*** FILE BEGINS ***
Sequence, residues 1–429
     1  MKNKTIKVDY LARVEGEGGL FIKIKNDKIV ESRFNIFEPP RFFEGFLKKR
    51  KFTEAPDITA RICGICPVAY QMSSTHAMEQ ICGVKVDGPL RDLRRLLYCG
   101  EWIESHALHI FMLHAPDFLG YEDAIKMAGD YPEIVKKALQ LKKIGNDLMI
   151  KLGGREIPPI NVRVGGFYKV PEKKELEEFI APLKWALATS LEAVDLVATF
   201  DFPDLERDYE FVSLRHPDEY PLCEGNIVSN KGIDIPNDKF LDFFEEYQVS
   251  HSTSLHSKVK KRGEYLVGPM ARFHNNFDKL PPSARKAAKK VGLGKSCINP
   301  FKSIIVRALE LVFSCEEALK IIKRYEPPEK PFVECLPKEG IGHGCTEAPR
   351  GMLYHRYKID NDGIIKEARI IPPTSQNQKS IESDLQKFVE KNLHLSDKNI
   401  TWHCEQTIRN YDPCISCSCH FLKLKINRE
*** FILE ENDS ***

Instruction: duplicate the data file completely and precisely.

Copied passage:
Sequence, residues 1–429
     1  MKNKTIKVDY LARVEGEGGL FIKIKNDKIV ESRFNIFEPP RFFEGFLKKR
    51  KFTEAPDITA RICGICPVAY QMSSTHAMEQ ICGVKVDGPL RDLRRLLYCG
   101  EWIESHALHI FMLHAPDFLG YEDAIKMAGD YPEIVKKALQ LKKIGNDLMI
   151  KLGGREIPPI NVRVGGFYKV PEKKELEEFI APLKWALATS LEAVDLVATF
   201  DFPDLERDYE FVSLRHPDEY PLCEGNIVSN KGIDIPNDKF LDFFEEYQVS
   251  HSTSLHSKVK KRGEYLVGPM ARFHNNFDKL PPSARKAAKK VGLGKSCINP
   301  FKSIIVRALE LVFSCEEALK IIKRYEPPEK PFVECLPKEG IGHGCTEAPR
   351  GMLYHRYKID NDGIIKEARI IPPTSQNQKS IESDLQKFVE KNLHLSDKNI
   401  TWHCEQTIRN YDPCISCSCH FLKLKINRE